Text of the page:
Olympus OM-D E-M1 Mark II

20MP Four Thirds CMOS sensor | 5-axis image stabilization | Hybrid AF system

What we like:

  • Advanced autofocus system
  • Extremely fast burst shooting
  • In-body image stabilization
  • DCI/UHD 4K video capture

What we don't:

  • Pricey
  • Controls can be overwhelming
The OM-D E-M1 Mark II is Olympus' top-end camera, designed to go toe-to-toe with the best enthusiast mirrorless and DSLR cameras on the market. It uses a 20MP sensor with hybrid autofocus, up to 60 fps burst shooting, in-body image stabilization and 4K video capture. It also offers a High-Res Shot mode which shifts the sensor in order to produce 50MP stills, though it's for stationary subjects only.
Its lightweight magnesium alloy body is weather-sealed and comfortable to hold. There are twin control dials and that can be extensively customized. The Mark II's 5-axis in-body image stabilization reduces shake by up to 5.5 stops. It has a fully articulating 3" touchscreen display or a large electronic viewfinder. The E-M1 II also offers dual SD memory card slots and a USB-C jack.
The E-M1 II is probably the most all-round capable mirrorless cameras we've yet encountered
The Mark II has an advanced autofocus system that on-sensor phase detection, with 121 cross-type points. The camera is capable of shooting at 18 frames per second with continuous autofocus, which places it at the top of its class. Our impressions are very positive; the camera's ability to nearly instantaneously lock onto a subject and follow it, even as it moves around the frame, is downright impressive, though it can occasionally refocus on the background. If you're not using continuous AF then the camera can shoot bursts at 60 fps – even Raw. A Pro Capture mode saves up to 14 shots before the shutter release is pressed, to possibly 'save your shot.'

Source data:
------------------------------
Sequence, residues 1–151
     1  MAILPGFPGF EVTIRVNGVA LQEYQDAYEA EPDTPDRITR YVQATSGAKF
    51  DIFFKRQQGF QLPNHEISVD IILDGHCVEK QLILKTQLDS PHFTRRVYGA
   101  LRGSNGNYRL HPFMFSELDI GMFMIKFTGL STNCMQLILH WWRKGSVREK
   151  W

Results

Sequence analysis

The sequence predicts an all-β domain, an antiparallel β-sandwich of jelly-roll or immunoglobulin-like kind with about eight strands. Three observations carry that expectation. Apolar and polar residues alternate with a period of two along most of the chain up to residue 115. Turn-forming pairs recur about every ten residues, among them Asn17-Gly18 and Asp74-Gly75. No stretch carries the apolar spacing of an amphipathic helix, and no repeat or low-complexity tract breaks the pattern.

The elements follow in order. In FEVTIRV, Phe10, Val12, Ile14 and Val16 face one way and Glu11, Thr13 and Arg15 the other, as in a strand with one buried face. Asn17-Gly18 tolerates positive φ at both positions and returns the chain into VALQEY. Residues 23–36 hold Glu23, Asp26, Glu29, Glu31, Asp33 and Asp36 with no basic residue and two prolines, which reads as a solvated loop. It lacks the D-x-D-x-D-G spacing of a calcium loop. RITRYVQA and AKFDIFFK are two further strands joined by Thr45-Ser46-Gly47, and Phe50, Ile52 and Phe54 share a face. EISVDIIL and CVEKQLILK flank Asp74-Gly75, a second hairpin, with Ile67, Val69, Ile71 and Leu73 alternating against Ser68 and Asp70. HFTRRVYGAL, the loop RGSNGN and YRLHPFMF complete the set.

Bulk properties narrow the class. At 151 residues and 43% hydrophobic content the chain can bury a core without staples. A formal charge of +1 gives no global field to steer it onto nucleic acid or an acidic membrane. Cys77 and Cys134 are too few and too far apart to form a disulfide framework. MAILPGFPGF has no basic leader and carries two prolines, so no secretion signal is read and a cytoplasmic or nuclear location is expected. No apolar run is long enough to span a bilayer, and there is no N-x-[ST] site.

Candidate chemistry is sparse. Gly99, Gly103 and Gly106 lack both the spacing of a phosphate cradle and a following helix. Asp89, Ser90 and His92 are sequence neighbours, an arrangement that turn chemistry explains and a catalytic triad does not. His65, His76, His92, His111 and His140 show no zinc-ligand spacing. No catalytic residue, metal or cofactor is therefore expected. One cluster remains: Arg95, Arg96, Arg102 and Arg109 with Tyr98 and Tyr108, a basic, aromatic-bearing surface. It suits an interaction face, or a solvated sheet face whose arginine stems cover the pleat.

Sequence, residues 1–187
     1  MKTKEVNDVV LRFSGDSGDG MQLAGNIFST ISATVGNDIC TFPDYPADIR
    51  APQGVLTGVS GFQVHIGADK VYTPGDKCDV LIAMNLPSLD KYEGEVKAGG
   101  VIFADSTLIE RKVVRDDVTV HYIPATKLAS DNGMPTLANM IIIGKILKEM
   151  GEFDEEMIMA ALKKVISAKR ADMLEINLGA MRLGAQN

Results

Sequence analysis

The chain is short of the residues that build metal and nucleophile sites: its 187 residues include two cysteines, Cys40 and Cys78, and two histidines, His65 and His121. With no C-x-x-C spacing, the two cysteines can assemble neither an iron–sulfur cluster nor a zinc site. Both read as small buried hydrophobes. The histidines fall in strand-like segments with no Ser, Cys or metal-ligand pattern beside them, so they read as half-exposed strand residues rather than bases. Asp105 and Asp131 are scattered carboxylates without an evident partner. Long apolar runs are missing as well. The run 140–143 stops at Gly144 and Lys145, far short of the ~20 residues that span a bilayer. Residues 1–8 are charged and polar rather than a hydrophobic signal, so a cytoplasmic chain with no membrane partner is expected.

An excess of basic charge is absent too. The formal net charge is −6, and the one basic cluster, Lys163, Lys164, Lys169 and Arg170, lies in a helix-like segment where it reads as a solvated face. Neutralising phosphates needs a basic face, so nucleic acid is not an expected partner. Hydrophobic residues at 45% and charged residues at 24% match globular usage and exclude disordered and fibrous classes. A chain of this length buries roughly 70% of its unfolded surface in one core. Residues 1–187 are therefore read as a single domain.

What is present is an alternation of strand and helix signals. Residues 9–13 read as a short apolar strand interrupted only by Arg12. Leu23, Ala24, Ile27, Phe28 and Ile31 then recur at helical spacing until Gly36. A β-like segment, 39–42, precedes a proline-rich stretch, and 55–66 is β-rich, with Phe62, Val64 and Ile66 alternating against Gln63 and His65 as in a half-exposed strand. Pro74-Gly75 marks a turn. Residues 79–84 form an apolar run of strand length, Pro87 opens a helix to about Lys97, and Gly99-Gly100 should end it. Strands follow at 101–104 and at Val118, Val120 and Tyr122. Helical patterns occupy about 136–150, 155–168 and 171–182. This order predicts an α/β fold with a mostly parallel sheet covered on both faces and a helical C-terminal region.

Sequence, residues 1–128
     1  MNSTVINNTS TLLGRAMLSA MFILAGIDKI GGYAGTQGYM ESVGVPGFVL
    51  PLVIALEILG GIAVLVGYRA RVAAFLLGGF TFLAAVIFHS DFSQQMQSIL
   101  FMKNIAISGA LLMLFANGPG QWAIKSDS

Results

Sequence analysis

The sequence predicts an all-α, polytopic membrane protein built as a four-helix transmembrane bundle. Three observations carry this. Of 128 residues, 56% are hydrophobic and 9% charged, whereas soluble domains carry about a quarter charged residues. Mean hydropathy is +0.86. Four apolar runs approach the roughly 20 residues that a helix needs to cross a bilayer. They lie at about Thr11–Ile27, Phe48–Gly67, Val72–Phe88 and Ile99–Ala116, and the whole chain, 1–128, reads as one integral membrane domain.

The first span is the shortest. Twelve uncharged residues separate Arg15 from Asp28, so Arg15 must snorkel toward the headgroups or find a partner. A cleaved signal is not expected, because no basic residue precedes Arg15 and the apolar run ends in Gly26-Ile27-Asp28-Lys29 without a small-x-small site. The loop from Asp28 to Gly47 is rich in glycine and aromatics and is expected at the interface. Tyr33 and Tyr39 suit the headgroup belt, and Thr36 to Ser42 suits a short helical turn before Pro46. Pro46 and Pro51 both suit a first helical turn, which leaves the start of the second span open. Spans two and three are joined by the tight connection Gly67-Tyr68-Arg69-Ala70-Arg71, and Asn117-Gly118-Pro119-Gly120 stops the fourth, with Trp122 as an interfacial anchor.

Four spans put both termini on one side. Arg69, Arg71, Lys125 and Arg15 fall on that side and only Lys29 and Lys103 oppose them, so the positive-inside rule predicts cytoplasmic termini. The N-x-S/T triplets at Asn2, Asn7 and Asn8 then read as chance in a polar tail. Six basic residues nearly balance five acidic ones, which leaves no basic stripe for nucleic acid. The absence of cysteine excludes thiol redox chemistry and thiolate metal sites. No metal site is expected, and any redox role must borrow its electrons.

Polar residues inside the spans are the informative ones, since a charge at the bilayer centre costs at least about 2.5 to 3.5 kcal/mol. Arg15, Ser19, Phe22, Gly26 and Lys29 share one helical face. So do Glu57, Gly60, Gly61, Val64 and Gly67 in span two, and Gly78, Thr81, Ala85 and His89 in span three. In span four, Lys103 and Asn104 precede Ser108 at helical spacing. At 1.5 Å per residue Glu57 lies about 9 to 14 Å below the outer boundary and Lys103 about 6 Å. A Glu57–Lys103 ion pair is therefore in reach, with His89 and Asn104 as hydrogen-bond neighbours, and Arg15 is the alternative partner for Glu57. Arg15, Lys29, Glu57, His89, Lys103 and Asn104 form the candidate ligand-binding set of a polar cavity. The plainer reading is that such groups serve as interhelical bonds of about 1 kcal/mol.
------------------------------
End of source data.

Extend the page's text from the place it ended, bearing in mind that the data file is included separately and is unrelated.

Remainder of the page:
As we've come to expert from Olympus, the Mark II's JPEGs have pleasing color and exposure, though default noise reduction is a bit too harsh at higher ISO settings. Raw files themselves are highly detailed have a decent amount of latitude for pulling detail out of shadows.
The E-M1 II isn't just for stills shooters - it offers a lot for videophiles, as well. It can capture both DCI and UHD 4K with a maximum bitrate of 237Mbps. It offers focus peaking, audio level adjustment, time code control and 4:2:2 output over HDMI. Given those specs it's no surprise that the Mark II has both microphone and headphone jacks.
Olympus has made a virtue of the E-M1 II's Four Thirds sensor by focusing on an advantage of smaller sensors: readout speed. This helps autofocus and video quality as well as providing that headline 60 fps shooting rate. The provision of a large buffer, bigger battery and solid, sealed construction help justify the E-M1 II's flagship status and help make it one of the most all-round capable mirrorless cameras we've yet encountered.

Studio Test Scene | Specifications Compared

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